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Monday, Aug 15, 2022
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The Briefing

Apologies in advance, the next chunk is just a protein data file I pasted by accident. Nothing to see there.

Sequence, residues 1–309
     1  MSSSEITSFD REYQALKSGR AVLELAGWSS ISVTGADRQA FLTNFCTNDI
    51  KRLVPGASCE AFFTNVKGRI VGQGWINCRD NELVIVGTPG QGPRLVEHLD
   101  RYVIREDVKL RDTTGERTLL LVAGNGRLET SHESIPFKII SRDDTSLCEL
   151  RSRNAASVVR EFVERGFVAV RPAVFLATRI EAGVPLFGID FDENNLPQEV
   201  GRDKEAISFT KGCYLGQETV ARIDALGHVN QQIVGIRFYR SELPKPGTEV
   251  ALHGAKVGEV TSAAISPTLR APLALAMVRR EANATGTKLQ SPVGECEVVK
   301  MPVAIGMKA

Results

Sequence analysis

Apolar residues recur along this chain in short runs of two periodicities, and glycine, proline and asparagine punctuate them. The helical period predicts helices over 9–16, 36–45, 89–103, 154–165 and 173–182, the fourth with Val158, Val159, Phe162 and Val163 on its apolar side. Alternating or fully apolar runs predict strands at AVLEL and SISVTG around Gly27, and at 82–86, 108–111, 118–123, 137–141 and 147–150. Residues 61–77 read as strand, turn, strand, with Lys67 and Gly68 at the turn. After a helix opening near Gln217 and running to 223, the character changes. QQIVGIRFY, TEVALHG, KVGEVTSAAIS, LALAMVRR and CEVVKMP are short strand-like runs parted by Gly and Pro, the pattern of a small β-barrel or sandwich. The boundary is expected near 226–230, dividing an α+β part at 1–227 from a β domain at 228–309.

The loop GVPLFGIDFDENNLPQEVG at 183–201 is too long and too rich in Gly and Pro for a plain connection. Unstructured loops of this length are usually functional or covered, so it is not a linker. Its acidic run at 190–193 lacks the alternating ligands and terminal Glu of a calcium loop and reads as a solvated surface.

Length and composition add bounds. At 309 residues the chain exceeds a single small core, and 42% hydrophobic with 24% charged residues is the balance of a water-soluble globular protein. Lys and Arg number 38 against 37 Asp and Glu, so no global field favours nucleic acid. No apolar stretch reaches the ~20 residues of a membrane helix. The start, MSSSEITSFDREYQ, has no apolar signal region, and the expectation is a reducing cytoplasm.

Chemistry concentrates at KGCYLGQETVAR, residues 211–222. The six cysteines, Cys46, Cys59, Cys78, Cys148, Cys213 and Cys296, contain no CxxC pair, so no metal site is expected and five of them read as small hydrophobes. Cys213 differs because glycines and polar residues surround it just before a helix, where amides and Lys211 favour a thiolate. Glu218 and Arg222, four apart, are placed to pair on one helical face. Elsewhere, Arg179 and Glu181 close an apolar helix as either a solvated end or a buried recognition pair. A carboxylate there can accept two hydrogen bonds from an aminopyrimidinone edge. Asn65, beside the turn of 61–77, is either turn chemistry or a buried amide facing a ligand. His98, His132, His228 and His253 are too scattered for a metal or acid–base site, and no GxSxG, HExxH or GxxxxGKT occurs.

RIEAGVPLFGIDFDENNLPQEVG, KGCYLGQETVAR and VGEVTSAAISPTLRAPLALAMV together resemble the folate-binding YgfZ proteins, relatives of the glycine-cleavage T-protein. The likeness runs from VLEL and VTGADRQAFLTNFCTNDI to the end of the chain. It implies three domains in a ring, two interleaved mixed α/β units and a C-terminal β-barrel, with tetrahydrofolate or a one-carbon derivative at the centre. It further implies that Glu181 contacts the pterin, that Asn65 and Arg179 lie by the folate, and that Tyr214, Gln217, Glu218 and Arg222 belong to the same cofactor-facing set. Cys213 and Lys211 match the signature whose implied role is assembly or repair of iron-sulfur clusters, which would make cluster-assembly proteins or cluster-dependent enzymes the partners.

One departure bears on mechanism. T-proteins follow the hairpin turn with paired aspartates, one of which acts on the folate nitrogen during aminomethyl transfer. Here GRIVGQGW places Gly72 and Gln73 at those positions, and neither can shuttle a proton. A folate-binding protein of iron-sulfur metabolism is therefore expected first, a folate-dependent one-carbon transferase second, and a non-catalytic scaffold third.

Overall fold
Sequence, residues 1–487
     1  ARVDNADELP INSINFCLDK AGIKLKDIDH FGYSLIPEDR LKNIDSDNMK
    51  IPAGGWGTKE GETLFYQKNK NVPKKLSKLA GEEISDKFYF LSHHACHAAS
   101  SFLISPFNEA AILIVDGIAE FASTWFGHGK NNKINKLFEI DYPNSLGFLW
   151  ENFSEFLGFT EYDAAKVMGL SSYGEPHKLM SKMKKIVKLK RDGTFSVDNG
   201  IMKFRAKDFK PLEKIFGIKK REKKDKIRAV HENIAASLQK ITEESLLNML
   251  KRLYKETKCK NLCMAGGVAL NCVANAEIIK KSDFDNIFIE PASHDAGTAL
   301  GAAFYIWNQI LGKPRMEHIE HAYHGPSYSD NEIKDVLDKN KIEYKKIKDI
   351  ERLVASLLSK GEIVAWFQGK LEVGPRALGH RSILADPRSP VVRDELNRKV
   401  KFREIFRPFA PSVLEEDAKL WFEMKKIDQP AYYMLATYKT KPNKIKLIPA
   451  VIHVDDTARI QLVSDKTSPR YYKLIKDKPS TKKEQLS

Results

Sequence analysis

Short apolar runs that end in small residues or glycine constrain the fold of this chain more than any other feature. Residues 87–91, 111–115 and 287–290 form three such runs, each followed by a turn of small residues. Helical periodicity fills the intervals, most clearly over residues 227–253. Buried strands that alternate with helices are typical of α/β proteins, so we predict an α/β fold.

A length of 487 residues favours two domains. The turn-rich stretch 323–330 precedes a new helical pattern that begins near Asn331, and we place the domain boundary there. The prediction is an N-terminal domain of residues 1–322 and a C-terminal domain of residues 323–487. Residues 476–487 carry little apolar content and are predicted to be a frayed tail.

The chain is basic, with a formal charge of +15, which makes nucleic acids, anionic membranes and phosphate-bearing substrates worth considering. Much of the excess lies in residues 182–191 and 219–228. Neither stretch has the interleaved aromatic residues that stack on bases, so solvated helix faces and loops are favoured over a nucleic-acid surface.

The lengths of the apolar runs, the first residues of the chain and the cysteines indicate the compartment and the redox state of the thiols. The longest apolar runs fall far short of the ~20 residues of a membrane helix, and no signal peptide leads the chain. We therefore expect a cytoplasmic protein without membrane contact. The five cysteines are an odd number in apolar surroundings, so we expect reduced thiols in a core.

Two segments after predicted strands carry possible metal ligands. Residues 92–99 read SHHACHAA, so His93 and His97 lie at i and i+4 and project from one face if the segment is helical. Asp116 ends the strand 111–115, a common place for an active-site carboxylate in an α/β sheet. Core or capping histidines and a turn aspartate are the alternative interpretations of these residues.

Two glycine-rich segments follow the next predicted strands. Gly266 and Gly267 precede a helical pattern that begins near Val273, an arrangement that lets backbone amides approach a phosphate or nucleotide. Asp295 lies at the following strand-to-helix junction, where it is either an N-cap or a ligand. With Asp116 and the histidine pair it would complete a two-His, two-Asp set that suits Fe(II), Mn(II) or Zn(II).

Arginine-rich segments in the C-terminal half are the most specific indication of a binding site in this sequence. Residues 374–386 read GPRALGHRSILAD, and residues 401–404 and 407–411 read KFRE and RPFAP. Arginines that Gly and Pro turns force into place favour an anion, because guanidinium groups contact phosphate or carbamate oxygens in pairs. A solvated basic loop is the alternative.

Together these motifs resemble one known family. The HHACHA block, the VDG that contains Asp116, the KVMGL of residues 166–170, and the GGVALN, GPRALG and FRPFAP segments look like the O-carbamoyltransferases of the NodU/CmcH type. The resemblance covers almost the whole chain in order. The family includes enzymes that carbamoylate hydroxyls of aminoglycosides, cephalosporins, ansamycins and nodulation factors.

Dale Surowitz, CEO of the Encino-Tarzana Regional Medical Center, is like many hospital administrators in that he has seen both the industry he works in and his career change drastically over the last several years. As the head of a medical center with nearly 400 beds, 1,350 employees and about 1,200 physicians who refer patients to two facilities, Surowitz has several metaphorical plates spinning at any given time. That was especially true when nurses at his hospitals went out on strike three years ago. Surowitz spoke to Business Journal editor Michael Hart about what he learned from that experience, the challenges that come with being a manager in the health care industry and the differences in that industry since “the good old days” when a hospital administrator’s most important job was keeping the physicians who use his hospital happy. “I feel like I never had the good old days. The challenge now is that you have a lot more constituencies and a lot more pressures. “When we had our action here, we had four threatened nurses strikes and two that occurred, one for three days and one for four. That was in 1998 and we came out just fine. “The key thing is that you can’t overcommunicate. You need to make it clear what your objectives are. You have to mean what you say. And when you say that’s all you can do, it better be all you can do because otherwise you diminish your credibility. “You’ve got to be relatively quick and decisive. And I learned that fear of the unknown is worse than the actuality. You find ways to get through it. “The net result is that we settled the strike. You don’t win or lose a strike, you endure it and move forward. “You’ve got to balance all the different constituencies, not the least of which is the community. You’ve got corporate pressure, of course. Patient satisfaction is now important. And you have to manage from a cost basis. You need to work collaboratively with employees and you’ve got to make sure you’ve got a good cadre of doctors. “We’ve just got a lot more people involved now. “In a hospital, you’re not producing a product. These are not manufacturing issues, they’re people issues.”

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